In Defense of…Yacht Rock

How an obscure comedy web series helped re-popularize the music it made fun of, relaunching the careers of musicians in their sunset

Smooth.

That is the operative word when talking about Yacht Rock

While you may not be familiar with the term “Yacht Rock,” you most certainly have heard songs from the genre. Comprising dozens of Top Ten hits, the category is mostly composed of easy-going music written and recorded in the Los Angeles area from the mid-‘70s through the early ‘80s.

During that time, this music was most likely referred to as AM Gold, Adult-Oriented Rock or Soft Rock. But, by a humorous twist of fate, it would be rebranded decades later as Yacht Rock. Music that, in a word, could be universally defined as “smooth.” Think breezy melodies, jazz chord progressions played on a Fender Rhodes, and slick studio productions. Songs like “What A Fool Believes” by The Doobie Brothers,
“Hey Nineteen” by Steely Dan and Toto’s “Africa.”

The prototypical Yacht Rock song incorporates elements of other genres, but it does not clearly belong to any of them. Instead, it drifts luxuriously between the ports of other styles. It’s smooth, but more sophisticated in structure than straight-ahead pop. Usually upbeat, but nowhere nearly as rowdy as hard rock. Soulful, but typically not as emotionally intense as R&B.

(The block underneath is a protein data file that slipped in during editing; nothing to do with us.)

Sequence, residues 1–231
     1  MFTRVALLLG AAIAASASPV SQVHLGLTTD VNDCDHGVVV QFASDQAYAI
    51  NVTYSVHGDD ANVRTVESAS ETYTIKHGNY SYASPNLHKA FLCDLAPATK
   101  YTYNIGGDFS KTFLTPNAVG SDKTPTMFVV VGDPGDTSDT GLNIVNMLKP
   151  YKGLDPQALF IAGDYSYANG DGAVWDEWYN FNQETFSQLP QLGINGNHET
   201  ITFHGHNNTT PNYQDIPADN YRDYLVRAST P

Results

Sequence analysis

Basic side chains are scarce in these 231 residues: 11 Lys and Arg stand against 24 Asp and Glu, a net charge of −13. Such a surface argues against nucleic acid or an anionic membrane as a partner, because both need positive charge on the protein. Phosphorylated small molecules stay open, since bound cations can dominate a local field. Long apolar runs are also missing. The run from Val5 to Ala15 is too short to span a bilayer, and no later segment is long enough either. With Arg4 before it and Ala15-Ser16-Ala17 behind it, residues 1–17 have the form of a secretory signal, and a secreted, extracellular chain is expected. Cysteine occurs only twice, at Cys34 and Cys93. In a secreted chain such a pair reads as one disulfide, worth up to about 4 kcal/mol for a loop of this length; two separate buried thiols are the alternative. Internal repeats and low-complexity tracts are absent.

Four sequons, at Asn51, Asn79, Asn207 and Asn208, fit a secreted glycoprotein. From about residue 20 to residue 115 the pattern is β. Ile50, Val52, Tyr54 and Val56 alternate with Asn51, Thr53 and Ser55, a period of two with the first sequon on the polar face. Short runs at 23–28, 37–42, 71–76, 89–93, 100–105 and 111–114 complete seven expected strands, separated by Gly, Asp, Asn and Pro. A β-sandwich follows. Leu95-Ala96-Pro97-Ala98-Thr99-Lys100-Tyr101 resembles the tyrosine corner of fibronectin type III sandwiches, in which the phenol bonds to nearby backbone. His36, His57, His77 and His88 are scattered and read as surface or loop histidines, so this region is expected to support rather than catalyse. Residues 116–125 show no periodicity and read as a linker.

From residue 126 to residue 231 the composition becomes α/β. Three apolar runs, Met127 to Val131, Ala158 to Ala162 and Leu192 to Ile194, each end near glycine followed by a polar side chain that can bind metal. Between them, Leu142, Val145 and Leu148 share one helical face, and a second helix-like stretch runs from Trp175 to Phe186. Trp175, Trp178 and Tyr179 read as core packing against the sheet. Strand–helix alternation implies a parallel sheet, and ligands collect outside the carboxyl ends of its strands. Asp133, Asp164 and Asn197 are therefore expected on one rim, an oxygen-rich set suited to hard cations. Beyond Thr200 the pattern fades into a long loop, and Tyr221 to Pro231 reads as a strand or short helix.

At its best, Yacht Rock conjures imagery of a boat party off the coast of Catalina Island during the sunset of the ‘70s. Tunes that, like the Brie at the party’s charcuterie table, are nearly impossible to resist — wonderfully cheesy and possibly addictive.

At its worst, Yacht Rock can get lost in the Bermuda Triangle of elevator music with songs that stray off course into sappy sentimentalism and/or moanfully bad cliches. In that respect, critics of the genre present a point worth noting.

Regardless of good or bad, these attributes make the genre — and most importantly the artists who performed the songs — a perfect target for parody. Which is exactly what happened in 2005, when the comedy series that coined the term “Yacht Rock,” debuted on the internet.

This Is It: Yacht Rock

Launched in 2002 in Los Angeles, Channel 101 began as a monthly short-film festival where audience members voted on their favorite shorts, all of which had to be a length of five minutes or less. After the votes were tabulated, the top-five selections would win “prime-time” spots on the Channel 101 website.

Series that continued to get voted into the top five would earn another month on the website and another chance to submit a new entry the following month. Those falling short of the top-five would be “canceled.”

Three years into the Channel 101 experiment, a short called Yacht Rock cruised into the competition. After sailing off in the first-place position that night, it went on to break all Channel 101 records by continuing to be a top-five finisher for nine consecutive months. Ten episodes were created from 2005 to 2006. At the time, no other series had previously lasted that long.

So, what do you think? Please comment below.